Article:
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Why humans succeeded?

"The ability to throw objects fast and accurately helped to turn humans from a second-rate primate into one of the most successful species on the planet, a study suggests," reports The Independent. "Throwing enabled the ancestors of modern humans to defend themselves against dangerous predators, hunt big game, expand their diet, boost brain power and colonize almost every corner of the globe, scientists said. The skills that today enable top-class bowlers to deliver cricket balls at up to 160 km/h are the result of key evolutionary adaptations to the torso, shoulders and arms, which began nearly two million years ago, the researchers said." The study is published in the journal Nature.

Coffeehouse decides for couple

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A Connecticut couple said they decided to let Starbucks customers vote on names for their expected son when they were unable to settle on a moniker, reports United Press International. Jennifer James, 25, and Mark Dixon, 24, put the question to customers at the Starbucks in New Haven they frequent, when unable to decide whether to name the boy Jackson or Logan. The choice was Logan, "by far," said Dixon. Jackson will be the boy's middle name. There were write-in votes, including Obama, Lincoln, Jebediah and Webster.

Rescued by a cockroach

"Scientists at North Carolina State University have invented remote-controlled cockroaches that they expect will be used as search-and-rescue animals, sent to disaster zones to hunt for survivors and relay back information that will help to map the damage," says The Christian Science Monitor. "To create a cyborg cockroach, scientists embed a chip with a wireless receiver and transmitter onto a Madagascar Hissing Cockroach, making a somewhat endearing-looking little cockroach backpack. That backpack is wired to the cyborg's antennae and its sensory organs on its abdomen and can trick the hapless animal into believing it has bumped into a wall and must turn. In simulating walls, the scientists can effectively steer the insect."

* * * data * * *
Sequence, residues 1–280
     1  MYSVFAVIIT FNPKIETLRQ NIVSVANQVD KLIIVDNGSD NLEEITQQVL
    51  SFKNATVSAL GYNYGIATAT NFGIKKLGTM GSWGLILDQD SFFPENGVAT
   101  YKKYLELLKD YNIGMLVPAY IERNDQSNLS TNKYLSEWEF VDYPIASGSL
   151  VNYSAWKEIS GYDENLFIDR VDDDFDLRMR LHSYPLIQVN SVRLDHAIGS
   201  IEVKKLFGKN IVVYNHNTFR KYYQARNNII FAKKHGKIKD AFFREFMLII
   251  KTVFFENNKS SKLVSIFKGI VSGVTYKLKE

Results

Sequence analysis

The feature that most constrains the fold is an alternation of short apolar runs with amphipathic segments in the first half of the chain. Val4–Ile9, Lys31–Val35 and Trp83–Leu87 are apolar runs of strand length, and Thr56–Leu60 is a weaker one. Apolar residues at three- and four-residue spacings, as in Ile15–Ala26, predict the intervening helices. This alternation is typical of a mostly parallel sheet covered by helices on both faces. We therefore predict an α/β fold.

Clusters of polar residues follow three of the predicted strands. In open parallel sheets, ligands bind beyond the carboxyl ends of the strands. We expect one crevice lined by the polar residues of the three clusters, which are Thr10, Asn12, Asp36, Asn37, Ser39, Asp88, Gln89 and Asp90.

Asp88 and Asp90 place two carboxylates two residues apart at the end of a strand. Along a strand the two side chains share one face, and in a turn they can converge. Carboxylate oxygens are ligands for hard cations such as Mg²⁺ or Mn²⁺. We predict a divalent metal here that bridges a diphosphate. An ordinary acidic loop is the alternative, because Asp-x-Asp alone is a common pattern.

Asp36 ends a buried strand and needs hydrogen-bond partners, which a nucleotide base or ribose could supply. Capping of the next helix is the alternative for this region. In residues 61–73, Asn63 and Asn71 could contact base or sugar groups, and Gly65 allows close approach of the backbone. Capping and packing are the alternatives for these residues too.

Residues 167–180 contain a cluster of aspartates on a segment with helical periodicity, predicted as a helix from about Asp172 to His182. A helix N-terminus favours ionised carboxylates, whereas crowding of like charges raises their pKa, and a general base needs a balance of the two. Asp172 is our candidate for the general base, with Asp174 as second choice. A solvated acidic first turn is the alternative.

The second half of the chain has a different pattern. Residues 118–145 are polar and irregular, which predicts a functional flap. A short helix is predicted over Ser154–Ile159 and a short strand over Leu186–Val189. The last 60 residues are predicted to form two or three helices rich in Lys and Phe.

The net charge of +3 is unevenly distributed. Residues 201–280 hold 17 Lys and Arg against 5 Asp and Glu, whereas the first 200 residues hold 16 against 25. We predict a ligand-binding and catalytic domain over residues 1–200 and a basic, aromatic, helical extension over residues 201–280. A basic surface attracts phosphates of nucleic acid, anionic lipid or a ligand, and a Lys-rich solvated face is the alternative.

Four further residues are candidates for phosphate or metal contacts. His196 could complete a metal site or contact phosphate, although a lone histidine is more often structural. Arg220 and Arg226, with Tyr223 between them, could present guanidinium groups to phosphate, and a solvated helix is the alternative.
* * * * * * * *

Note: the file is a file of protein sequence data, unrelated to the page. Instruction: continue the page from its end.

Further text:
Is glacier-surfing for you?

"Imagine this: Floating in freezing water for 20 hours a day, over seven excruciating days, beneath a 90-metre iceberg which may or may not collapse on you, crushing you to death," says "Why would anyone do this? To surf a wave, of course. The man crazy – or brave – enough to dream up such a challenge, is Garrett McNamara. The same man who surfed the world's biggest wave – a 24-metre monster – off the coast of Portugal in 2011. … In 2007, McNamara became the first person to surf a glacier wave – a wave created when a 75-metre chunk of ice broke off from a massive glacier in Alaska. As the block of ice plummeted into the Copper River, it created a two-metre high wave which McNamara surfed – the first and probably only person ever to ride such a swell. 'It was the closest I've ever come to death,' said the man who has surfed nine-storey waves on the most rugged coastlines in the world."

Why parents push

Tiger moms and sports dads, according to an investigation published in the journal PLoS One, are trying to mitigate their own failures by living through their children. That's not entirely surprising, notes Time magazine, but, as study coauthor Brad Bushman, professor of communications and psychology at Ohio State University says: "Our research provides the first empirical evidence that parents sometimes want their child to become a physician when they themselves were rejected for medical school." The small-scale study was conducted in the Netherlands.

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Thought du jour

"Working is so satisfying that if we didn't have to work to eat, we'd have to invent some other reason for doing it."

Andy Rooney, American writer (1919-2011)

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